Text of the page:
King James

King James (James I) (June 19, 1566 – March 27, 1625) was the first monarch to style himself the King of Great Britain. The only child of Mary, Queen of Scots, and her second husband, Henry Stuart, the Duke of Albany (commonly known as Lord Darnley), James became the King of Scotland on July 29, 1567, when his mother Mary was forced to hand over the throne in his favor. James went on to become the first monarch of England from the House of Stuart, when he succeeded Elizabeth I as the King of England and Ireland on March 24, 1603.

King James was a strong believer of the divine power of kings, which he believed was sanctioned by the apostolic succession. James’ political absolutism was accepted by the docile Scottish Parliament, but it led to bitter conflicts in the English Parliament. Though the governments of the Kingdom of England and the Kingdom of Scotland were relatively stable in his reign. James’ dictatorial governance and his mismanagement of the kingdom’s funds is known to have destabilized the royal finances. His unpopularity among the English nobility is seen as one of the prime reasons leading to the English Civil War. 

King James’ rule, however, has more pleasant sides to it than its darker aspects. Culturally, England continued to evolve in this period. Be it in the field of art or literature or science, with contributions from people like William Shakespeare and Sir Francis Bacon, the Elizabethan tradition was continued. James himself was very learned and produced such scholarly works as the Daemonologie (1597), The True Law of Free Monarchies (1598), Basilikon Doron (1599) and A Counterblaste to Tobacco (1604). In fact, he was acclaimed as ‘the wisest fool in Christendom’.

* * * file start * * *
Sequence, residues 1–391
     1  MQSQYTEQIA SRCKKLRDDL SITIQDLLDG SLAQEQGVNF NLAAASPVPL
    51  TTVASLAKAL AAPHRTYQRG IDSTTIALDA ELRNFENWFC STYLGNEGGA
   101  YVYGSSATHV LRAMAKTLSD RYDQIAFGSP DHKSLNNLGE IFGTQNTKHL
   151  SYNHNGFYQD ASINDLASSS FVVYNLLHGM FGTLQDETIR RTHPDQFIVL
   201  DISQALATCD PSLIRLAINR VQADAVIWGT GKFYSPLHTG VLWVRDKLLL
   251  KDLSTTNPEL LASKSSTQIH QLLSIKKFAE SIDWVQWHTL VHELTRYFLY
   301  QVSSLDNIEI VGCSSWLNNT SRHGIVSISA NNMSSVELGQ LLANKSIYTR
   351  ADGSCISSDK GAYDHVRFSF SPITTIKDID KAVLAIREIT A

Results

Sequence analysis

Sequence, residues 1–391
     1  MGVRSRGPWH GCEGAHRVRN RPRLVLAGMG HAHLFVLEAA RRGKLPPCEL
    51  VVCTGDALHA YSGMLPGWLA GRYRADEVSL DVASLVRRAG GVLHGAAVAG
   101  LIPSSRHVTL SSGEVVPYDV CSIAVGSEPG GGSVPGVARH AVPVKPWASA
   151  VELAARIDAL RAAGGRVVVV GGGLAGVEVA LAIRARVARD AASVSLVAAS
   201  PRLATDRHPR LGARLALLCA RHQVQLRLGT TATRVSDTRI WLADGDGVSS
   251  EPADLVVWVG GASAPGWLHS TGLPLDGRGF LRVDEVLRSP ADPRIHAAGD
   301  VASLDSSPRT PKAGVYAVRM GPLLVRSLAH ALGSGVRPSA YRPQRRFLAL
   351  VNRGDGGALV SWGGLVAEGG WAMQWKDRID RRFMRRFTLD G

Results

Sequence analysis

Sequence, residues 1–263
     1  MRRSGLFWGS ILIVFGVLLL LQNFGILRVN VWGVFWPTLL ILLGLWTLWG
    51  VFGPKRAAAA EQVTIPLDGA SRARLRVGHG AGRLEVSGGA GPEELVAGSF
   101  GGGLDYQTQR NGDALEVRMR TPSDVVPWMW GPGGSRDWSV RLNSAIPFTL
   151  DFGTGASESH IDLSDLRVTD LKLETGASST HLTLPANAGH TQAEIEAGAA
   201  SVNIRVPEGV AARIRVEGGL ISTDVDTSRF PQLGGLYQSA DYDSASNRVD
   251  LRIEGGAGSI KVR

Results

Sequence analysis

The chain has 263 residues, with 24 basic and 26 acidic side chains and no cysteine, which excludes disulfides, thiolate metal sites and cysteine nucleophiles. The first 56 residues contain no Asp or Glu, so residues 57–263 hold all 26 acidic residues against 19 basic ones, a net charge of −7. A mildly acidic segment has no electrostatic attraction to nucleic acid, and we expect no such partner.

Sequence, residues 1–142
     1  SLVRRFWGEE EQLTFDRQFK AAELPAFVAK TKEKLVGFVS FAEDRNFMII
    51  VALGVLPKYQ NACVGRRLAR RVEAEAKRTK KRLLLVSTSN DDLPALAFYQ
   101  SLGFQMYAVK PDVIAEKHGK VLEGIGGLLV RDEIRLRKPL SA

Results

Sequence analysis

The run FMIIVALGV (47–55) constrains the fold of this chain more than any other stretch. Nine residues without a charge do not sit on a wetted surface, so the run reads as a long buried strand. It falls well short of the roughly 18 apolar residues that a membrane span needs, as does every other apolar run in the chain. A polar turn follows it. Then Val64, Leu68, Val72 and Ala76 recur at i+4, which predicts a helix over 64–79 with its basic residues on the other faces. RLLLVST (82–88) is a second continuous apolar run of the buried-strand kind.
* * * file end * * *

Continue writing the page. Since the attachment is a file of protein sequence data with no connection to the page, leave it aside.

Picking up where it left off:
King James’ religious tolerance (compared to that of his predecessors) also made his reign a success. In spite of being a Protestant, he never attempted to abolish Catholicism. His religious tolerance also allowed for the continuation of Calvinism in Scotland and the growth of Puritanism in England. He also encouraged reformation of the Anglican Church and the growth of ‘High Church’ practices. He also authorized an official translation of the Bible. Known as King James’ Bible, known for the beauty of its language, this version has replaced other translations of the Bible as the standard version.

King James’ artistic genius found expression in the British Flag, which he designed (in 1603) by combining England’s red cross of St. George with Scotland’s white cross of St. Andrew, following the ‘Union of the Crowns’. Quite fittingly, the British Flag is christened the Union Jack – where Jac stands for Jacobus, Latin for James and represents the Union effected by King James.